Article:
Public toilets will be redesigned in 17 locations throughout Shibuya

The Nippon Foundation is launching The Tokyo Toilet project to build public toilets that can be used by anyone. The project will build new toilets at 17 locations in Shibuya, Tokyo, as a way of moving toward the realization of a society that embraces diversity.

3 of the toilets will be made available for use by the general public from August 5.

Japan is known as one of the cleanest countries in the world. Even public toilets have a higher standard of hygiene than in much of the rest of the world. However, the use of public toilets in Japan is limited because of stereotypes that they are dark, dirty, smelly, and scary. To dispel these misconceptions regarding public toilets, The Nippon Foundation has decided to renovate 17 public toilets located in Shibuya, Tokyo, in cooperation with the Shibuya City government. These public toilets are being designed by 16 leading creators and will use advanced design to make them accessible for everyone regardless of gender, age, or disability, to demonstrate the possibilities of an inclusive society. In addition to the construction, they have arranged for ongoing maintenance so that people will feel comfortable using these public toilets and foster a spirit of hospitality for the next person.

The toilets being made available for use from August 5 are in three locations: Ebisu Park (creator – Masamichi Katayama); Yoyogi Fukamachi Mini Park (Shigeru Ban); and Haru-no-Ogawa Community Park (Shigeru Ban). These will be followed by openings on August 7 in Ebisu East Park (Fumihiko Maki), and a location near Ebisu Station (Nao Tamura), August 31 in Nishihara Itchome Park (Takenosuke Sakakura), and on September 7 in Jingu-Dori Park (Tadao Ando).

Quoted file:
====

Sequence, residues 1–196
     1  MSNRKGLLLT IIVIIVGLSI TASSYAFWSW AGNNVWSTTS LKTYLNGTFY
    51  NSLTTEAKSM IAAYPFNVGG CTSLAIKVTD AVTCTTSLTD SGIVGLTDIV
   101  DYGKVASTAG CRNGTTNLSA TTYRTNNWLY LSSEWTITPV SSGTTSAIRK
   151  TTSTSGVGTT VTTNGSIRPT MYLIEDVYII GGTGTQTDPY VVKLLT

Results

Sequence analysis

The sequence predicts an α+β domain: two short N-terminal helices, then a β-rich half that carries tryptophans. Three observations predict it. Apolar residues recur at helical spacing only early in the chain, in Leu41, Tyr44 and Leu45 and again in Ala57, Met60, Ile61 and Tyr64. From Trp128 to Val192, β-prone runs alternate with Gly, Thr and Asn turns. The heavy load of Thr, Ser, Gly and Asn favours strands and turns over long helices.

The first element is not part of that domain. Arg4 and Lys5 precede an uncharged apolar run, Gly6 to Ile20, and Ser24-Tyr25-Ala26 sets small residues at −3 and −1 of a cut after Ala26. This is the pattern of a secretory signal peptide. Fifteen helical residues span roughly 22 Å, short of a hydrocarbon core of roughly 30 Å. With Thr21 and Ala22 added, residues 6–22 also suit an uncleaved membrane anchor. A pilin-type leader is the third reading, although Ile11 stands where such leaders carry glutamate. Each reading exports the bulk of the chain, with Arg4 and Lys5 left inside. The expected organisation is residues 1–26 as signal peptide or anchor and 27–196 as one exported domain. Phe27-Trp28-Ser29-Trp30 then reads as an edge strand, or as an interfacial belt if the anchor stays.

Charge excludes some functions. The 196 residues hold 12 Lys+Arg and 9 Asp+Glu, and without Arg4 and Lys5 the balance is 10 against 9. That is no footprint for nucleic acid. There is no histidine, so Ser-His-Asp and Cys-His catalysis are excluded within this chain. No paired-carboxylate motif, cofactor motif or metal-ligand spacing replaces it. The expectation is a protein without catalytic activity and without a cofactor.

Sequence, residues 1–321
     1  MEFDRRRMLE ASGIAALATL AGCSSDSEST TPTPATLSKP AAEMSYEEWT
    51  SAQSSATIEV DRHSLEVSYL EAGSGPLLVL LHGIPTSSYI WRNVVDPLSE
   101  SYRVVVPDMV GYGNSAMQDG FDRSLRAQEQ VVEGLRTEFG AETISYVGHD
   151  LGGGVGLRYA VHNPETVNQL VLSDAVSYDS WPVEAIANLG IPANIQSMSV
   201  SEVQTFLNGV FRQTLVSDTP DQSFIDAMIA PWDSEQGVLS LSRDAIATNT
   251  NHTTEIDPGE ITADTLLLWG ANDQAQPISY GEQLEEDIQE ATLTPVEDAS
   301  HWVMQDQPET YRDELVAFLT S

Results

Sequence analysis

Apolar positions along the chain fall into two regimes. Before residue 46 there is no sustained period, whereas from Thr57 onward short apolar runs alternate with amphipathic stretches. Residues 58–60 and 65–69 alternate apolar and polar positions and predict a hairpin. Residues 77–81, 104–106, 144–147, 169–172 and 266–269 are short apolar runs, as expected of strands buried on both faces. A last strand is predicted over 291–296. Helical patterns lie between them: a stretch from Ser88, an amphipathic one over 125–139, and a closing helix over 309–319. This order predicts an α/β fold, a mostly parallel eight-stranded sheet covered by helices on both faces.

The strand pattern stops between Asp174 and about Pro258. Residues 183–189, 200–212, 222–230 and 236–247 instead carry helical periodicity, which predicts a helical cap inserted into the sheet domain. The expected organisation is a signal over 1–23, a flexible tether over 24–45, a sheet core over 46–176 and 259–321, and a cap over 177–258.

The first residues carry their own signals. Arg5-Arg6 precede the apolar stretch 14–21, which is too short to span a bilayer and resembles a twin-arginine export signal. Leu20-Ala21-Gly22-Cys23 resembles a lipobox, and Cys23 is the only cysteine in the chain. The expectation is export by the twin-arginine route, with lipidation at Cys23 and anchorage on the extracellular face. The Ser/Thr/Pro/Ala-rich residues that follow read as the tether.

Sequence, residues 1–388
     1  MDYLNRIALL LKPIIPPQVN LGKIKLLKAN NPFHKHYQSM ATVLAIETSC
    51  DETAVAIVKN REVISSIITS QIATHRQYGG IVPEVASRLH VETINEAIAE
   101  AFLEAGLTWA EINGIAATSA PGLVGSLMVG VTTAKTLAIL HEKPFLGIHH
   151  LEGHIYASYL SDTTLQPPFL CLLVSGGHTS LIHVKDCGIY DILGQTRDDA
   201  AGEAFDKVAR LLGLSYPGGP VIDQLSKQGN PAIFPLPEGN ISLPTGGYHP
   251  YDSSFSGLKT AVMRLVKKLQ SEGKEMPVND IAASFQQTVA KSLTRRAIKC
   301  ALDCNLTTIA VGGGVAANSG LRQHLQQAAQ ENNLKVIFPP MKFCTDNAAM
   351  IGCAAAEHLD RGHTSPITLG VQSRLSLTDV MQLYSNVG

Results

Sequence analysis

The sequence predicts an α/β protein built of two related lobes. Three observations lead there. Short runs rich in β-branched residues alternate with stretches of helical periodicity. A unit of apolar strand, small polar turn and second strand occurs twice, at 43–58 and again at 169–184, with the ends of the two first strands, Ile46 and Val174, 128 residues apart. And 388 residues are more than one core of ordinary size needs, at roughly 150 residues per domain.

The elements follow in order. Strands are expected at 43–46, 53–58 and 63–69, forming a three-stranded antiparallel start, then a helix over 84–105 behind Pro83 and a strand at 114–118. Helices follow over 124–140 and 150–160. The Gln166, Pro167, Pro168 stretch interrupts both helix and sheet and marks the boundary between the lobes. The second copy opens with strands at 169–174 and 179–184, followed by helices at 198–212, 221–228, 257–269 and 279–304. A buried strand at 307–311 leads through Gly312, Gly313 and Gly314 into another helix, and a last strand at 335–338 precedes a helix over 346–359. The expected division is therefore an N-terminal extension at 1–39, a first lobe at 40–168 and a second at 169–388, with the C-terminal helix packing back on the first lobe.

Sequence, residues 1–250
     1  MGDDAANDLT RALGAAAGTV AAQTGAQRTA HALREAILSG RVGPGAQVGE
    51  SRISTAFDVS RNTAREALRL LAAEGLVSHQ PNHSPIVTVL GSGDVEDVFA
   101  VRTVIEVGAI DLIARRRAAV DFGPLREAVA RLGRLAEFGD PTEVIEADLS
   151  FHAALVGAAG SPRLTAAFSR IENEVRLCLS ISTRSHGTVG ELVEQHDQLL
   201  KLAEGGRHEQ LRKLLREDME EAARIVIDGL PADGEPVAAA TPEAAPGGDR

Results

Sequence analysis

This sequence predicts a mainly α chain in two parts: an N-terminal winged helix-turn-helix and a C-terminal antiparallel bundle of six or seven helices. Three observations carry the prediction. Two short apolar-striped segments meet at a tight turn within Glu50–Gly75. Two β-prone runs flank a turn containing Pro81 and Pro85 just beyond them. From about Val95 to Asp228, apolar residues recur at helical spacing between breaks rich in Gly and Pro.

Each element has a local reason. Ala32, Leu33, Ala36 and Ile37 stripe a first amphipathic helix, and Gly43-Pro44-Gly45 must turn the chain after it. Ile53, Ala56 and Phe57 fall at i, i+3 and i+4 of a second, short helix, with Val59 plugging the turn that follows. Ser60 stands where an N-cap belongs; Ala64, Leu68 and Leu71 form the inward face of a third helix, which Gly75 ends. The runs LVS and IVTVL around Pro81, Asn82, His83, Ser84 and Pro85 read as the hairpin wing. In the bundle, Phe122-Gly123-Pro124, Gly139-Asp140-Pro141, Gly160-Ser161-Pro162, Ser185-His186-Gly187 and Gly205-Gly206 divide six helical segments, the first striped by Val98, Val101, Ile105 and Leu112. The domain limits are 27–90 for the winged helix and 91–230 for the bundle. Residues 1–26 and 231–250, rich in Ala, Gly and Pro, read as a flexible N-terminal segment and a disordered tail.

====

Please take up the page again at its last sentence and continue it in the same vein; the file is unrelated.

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The toilets will be constructed by DAIWA HOUSE INDUSTRY CO., LTD., and TOTO LTD. will advise on toilet equipment and layout. Maintenance of the toilets will be carried out under a three-party agreement concluded by The Nippon Foundation, the Shibuya City government, and the Shibuya City Tourism Association.

Some locations are still under construction and won’t be completed until 2021 but below are the locations that have already opened.

Squid Toilet by Fumihiko Maki

The project site, Ebisu East Park, is a popular neighborhood park that is used as a children’s playground and is filled with lush greenery. This facility function, created by Fumihiko Maki, is not only as a public restroom but as a public space that serves as a park pavilion equipped with a rest area.
Due to the variety of users, from children to people on their way to work, they created a safe and comfortable space that uses a decentralized layout to allow for good sightlines throughout the facility. The cheerful roof that integrates the different sections promotes ventilation and natural light, creating a bright and clean environment while giving the facility a unique appearance similar to playground equipment.

Ebisu East Park is also known as “Octopus Park” because of its octopus playground equipment.

Triangle by Nao Tamura